Identity Theft: Attorney Simmon’s experience as a defendant for something she didn’t do

In 2013, I was served with a complaint and summons.

I realized that it was me who was sued, by a name I did not recognize.  I also noticed that I was a co-defendant; one of the other defendants was a business that had office space in the same shared executive office suites building I had my law office when I was a new lawyer.   Let’s call them “Company XYZ”.  I reviewed the allegations in the complaint and realized this plaintiff – who I did not know – was suing me for fraud and misrepresentations for a loan modification/bankruptcy done by Company XYZ.   He alleged that I was the attorney for Company XYZ.

I learned in the status conference that the plaintiff  had  correspondence with my name and law firm information on it that was addressed to him – which was NOT on my official letterhead – and also my business card – which was my official business card that I passed out to everyone.   I realized – at that moment – that Company XYZ represented to this man that I was its attorney, had stolen my law firm/personal identity, and created a letterhead with my contact information to correspond with their clients fraudulently!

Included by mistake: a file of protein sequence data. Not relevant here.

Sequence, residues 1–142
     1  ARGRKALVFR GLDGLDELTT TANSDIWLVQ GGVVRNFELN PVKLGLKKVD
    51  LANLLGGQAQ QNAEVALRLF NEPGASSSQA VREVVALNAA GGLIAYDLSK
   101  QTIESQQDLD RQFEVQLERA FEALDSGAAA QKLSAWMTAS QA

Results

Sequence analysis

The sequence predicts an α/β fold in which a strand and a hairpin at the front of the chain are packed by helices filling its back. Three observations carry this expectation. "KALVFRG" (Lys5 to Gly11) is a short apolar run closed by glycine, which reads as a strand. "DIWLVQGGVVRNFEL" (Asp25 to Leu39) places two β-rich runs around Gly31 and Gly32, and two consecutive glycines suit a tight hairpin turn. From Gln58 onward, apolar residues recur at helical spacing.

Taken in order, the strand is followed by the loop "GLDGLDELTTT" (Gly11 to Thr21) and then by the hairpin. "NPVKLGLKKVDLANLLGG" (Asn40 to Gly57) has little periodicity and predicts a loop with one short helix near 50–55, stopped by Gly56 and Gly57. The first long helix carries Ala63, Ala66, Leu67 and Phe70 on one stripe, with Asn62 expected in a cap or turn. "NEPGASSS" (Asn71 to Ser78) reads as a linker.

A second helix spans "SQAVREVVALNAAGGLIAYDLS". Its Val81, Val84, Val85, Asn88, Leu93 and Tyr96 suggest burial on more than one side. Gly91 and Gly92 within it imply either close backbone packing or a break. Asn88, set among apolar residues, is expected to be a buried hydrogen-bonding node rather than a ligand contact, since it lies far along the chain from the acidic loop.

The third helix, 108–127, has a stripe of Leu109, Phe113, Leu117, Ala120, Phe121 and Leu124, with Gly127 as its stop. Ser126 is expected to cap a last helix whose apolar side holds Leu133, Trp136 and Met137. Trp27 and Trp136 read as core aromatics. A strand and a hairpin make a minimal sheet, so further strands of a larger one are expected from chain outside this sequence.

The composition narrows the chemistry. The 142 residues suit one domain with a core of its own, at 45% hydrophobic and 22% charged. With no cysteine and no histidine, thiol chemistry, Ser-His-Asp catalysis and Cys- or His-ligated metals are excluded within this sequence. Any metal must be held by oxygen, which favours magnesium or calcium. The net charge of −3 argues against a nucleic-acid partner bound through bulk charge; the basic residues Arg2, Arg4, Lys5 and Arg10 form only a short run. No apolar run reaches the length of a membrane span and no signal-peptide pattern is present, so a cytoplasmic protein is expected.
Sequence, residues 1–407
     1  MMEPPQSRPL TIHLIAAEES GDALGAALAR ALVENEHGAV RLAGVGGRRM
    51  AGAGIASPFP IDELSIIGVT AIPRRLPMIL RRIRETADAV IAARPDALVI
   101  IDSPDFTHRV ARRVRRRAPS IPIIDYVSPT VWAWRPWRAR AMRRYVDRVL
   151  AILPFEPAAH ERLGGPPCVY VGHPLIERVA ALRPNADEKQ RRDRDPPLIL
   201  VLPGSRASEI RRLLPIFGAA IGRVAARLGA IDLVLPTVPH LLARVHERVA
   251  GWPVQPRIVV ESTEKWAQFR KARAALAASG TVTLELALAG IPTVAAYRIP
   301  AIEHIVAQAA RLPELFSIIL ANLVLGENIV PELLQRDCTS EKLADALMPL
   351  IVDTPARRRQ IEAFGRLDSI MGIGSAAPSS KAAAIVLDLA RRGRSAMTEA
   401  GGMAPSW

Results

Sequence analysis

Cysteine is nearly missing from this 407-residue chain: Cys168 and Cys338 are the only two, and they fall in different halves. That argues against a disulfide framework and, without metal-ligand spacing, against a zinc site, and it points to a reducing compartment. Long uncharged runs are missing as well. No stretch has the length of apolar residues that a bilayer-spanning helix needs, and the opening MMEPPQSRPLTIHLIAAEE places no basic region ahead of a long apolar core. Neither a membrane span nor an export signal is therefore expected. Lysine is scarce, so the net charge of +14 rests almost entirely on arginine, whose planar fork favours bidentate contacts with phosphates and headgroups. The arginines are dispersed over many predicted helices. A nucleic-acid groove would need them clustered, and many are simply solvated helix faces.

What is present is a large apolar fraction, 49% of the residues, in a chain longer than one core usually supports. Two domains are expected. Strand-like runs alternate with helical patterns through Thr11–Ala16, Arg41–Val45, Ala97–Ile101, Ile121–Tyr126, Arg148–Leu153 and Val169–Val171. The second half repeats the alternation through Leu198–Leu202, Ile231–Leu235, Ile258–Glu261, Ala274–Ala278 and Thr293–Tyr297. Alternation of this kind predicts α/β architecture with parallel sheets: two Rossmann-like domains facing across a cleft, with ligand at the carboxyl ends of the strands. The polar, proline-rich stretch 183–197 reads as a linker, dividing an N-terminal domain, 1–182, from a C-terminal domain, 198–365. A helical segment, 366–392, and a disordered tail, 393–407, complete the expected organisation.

It took TWO YEARS of litigation, but in June 2015, I finally heard the jury say that I was not liable for any of the allegations against me.  It was a long fight for my name and reputation.  After this experience, I want to share some tidbits of wisdom that I gained.

  • Pro Se Litigation isn’t Smart:  Representing yourself is never a good idea.  It isn’t about intellectual ability and knowledge.  It’s about the emotional involvement and distress of being a defendant.
  • Watch for the “Bad Apples”:  Everyone you meet in a “business suit” or business setting is not about legitimate business.
  • Guard Your Surroundings:  Secure your important paperwork and make sure your office is secure, especially if you rent in executive office suites.  Be aware of your surroundings in your office, and be careful of the people you encounter in business.
  • Protect your Business License(s):  I realize that had I not fought this civil case to the end and a jury found me liable, I could have found myself fighting to keep my license to practice law with the Georgia State Bar.  Depending on the type of business you’re in, you may have to have a license from the state to do your job.   Do all you can to guard any business licenses you have.  Take issues seriously so they do not blow up and land you in front of a licensing board fighting for your right to earn a living.
  • Fight for Your Reputation. It was a tough decision to fight this case in court and to have to fight the concerns of public shame.  Although I felt empathy for the innocent plaintiff, I knew I was innocent and had to fight to the end for my own name.
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